Go to Comparing Yahoo to Google.
Have students enter a variety of key search terms – for example, "nuclear physics."
Notes to consider >>
Discussion Question: Do you have any suggested student activities that will help students think critically about the search tools they commonly use?
Search Engine Optimization is a billion dollar industry. Companies go to great lengths to study Web behavior and get their websites to the top of your list of search results. Here are some findings:
Search Engine Behavior
Number of users who click on the first page of search results.
Number of users who click within the first 3 pages of search results.
Number of users who change their search term and/or search engine after reviewing the first page of results.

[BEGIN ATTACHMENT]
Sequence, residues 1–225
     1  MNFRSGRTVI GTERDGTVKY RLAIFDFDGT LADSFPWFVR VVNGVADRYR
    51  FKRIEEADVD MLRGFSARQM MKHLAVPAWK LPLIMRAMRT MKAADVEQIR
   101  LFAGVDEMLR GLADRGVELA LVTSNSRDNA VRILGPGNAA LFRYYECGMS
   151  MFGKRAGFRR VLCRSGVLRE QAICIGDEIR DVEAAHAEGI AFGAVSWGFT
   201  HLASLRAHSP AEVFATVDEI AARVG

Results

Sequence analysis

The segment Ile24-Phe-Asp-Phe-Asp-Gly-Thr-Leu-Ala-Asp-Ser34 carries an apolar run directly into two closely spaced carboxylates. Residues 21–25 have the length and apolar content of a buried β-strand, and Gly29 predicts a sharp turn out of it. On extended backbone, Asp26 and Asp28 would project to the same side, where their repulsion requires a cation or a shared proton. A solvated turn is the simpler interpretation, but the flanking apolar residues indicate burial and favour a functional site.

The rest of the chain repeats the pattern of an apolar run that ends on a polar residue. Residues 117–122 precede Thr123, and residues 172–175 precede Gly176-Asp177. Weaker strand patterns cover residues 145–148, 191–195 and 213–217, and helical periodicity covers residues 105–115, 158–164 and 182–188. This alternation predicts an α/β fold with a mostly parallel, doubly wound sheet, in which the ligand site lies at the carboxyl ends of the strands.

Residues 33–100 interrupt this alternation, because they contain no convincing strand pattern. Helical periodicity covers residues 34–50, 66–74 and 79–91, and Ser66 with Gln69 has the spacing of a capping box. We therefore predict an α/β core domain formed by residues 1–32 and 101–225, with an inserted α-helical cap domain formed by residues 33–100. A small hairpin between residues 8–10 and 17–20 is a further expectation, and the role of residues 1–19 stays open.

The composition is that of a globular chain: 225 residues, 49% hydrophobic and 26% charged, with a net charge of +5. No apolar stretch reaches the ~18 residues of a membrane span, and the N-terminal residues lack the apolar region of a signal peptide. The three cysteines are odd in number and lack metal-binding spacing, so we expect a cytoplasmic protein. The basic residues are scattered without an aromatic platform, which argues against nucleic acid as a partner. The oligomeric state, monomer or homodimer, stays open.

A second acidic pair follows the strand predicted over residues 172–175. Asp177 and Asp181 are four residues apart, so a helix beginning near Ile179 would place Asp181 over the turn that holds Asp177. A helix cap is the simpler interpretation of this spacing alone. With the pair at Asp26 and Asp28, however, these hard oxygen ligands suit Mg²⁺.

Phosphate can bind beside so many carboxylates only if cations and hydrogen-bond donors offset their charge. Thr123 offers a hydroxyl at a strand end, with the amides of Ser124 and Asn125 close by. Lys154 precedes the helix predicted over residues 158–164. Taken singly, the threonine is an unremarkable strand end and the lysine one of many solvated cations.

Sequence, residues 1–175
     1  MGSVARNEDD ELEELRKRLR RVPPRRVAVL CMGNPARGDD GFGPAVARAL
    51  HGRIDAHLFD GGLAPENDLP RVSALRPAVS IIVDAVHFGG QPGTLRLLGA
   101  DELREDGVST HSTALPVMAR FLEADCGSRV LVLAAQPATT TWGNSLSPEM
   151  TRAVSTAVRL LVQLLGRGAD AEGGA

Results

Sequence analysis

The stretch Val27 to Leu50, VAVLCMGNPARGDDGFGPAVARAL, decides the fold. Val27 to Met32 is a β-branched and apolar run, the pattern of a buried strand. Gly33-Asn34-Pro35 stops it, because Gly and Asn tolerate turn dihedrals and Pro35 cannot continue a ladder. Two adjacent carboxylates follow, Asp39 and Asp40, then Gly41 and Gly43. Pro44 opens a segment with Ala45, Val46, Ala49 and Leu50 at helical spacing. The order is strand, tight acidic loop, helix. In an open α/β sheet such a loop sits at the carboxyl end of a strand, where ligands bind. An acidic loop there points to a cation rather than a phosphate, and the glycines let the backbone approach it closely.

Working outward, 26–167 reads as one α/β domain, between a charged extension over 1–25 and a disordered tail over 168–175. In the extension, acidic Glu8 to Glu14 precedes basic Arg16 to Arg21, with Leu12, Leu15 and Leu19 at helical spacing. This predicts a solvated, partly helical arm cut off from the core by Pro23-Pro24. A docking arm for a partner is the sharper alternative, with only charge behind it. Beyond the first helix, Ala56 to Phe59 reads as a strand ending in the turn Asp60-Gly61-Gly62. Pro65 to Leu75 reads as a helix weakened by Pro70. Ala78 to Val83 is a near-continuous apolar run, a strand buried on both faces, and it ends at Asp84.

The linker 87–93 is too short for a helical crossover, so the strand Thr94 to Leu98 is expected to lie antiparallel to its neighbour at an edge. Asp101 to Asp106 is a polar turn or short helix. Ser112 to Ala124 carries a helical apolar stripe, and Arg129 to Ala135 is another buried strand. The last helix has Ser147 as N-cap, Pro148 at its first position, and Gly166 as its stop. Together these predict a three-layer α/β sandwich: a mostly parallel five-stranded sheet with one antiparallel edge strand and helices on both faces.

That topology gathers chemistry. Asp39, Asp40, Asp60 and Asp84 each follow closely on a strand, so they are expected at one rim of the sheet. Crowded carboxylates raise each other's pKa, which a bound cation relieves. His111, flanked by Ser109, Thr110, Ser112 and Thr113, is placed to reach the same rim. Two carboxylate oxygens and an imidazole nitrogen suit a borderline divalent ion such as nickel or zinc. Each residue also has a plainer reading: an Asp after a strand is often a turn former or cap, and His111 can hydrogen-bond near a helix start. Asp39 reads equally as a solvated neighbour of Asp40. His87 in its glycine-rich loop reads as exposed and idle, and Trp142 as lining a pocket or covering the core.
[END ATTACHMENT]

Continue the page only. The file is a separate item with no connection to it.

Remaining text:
Number of users who change their search term and/or search engine after reviewing up to three pages of results.
A discussion about search tools would not be complete without a mention of the "deep Web."
The deep or "invisible Web" is where billions of documents and rich resources are housed.
Searching on the Internet can be compared to dragging a net across the surface of the ocean; a great deal may be caught in the net, but there is a wealth of information that is deep and therefore missed.
The deep Web is where you can find many subject-specific databases and catalogued articles that will not appear in a surface search of the Internet.
Try some deep sea diving on the Internet.
You can find searchable databases containing invisible web pages in the course of routine searching. Of particular value in academic research are: